2

I have a big collection of items - ~2000 items.

When displaying with ng-repeat, the number of watchers is 16K and the DOM is barely alive.

I am trying to display the items in a table using ng-if, so that only visible items would be visible.

I have tried to implement infinite scrolling, but it does not solve the huge number of watchers. So I decided that it would be best if I just won't render the elements which are not visible.

Is there a query which I can put on every element that will fast tell me if the item is visible on the page?

My Code is:

<tr ng-repeat="mi in vm.displayDNAList track by $index">
 <span>{{ ::mi.name }}</span>
</tr>
  • Hi ;) Please mark the answer that helped you the most as the correct one – DotBot Sep 26 '16 at 10:15
3

In huge collections, checking if elements are in-view with DOM related solutions doesn't necessarily tells you if all the nested components have loaded or rendered completely and could lead to errors.

My solution to this problem was using angular's limitTo : limit: begin filter along with scrollTop and scrollBottom callbacks that raises or reduces the begin index according to the scroll direction (up / down) - sort of frontend pagination, where only a specific number of items are shown at any time - without any heavy DOM watchers.

<tr ng-repeat="item in items | limitTo : 100 : 600 track by $index">
    <span>{{ item.name }}</span>
</tr>

You need to find the optimal limitTo number that works out best for the app while keeping it light and agile.

  • 1
    How can I send calc method the table's element for calculating the scrollTop value? something like - ng-if = "calc(??)" - can work? – badigard Aug 1 '16 at 7:24
  • 1
    Listen to the native scroll event and fire functions, something like this. – DotBot Sep 12 '16 at 16:50
1

You can use a filter to limit the results to only the visible elements.This assumes that the mi object has a property called visible.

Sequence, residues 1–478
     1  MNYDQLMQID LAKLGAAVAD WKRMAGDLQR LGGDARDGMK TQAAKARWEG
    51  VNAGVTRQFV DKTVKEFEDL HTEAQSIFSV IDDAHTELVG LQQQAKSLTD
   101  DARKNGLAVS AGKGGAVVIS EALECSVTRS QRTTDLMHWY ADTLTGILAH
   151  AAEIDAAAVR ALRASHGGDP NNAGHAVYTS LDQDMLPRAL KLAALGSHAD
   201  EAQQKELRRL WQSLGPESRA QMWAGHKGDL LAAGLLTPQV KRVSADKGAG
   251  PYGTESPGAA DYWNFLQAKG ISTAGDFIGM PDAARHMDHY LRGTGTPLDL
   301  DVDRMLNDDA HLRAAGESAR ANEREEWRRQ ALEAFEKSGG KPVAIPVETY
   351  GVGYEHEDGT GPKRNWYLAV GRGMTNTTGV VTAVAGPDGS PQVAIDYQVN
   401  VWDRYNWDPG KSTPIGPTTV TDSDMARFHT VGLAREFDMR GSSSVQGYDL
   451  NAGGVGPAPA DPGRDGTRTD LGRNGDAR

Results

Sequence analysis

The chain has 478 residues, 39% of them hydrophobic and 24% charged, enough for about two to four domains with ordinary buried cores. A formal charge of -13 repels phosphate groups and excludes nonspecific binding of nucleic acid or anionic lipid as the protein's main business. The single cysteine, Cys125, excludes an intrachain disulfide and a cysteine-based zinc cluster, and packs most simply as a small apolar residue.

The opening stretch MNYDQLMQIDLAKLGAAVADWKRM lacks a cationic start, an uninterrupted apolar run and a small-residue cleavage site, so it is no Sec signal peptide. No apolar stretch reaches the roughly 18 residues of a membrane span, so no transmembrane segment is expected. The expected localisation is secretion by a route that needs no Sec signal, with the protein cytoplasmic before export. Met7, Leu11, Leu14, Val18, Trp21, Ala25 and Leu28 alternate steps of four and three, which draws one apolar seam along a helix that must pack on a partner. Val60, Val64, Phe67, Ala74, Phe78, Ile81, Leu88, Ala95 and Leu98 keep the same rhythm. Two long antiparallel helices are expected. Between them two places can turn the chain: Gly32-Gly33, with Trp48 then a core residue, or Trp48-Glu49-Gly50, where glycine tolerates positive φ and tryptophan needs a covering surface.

<tr ng-repeat="mi in vm.displayDNAList | filter:visible track by $index">
 <span>{{ ::mi.name }}</span>
</tr>
0

I would suggest you to use filter in javascript before using ng-repeat

vm.displayDNAList = data.filter(function(d){
  return d.element;
});

if you want to use ng-if it will still go throw the each element rendering will become slow.

0
<tr ng-repeat="mi in vm.displayDNAList track by $index">
 <span id="{{mi.name}}">{{ ::mi.name }}</span>
</tr>

in JS check if the ID is present in DOM using

if(document.getElementById(value)!==undefined){
return true;
}

This is fast. But you can also try do a filter and write a function which returns a boolean. This may or may not work depending on use case.

function valueCheckerFunction(item){
    if(item==='xx'){
        return item;
    }
}
    return if(vm.displayDNAList.filter(valuecheckerFunction));

http://www.w3schools.com/jsref/jsref_filter.asp

  • ng-repeat put all ID's in the DOM already. I need to figure out a way to check if the ID is currently visible. – badigard Aug 1 '16 at 6:23
0

I would suggest you to create an array of element you want to display seperately and render on that array. instead of using limit or filter because it will icrese your dom only thing is that it will not be visible.

mainArray= [2000 element];
createAnArray = [25elements]

change that createAnArray variable as you want depending on events

  • I am missing the event. How would I know I've reached to the 25th element and I need to show the next 25? – badigard Aug 1 '16 at 7:29
  • there will be array initially of 25 elements. There will be one button called load more. then you append next 25 elements to that array and so on – Akash Bhandwalkar Aug 1 '16 at 8:50
  • 1
    I would like to do without the need of clicking a button – badigard Aug 3 '16 at 9:14
  • do you mean on scrolling? You can do it. – Akash Bhandwalkar Aug 3 '16 at 9:21

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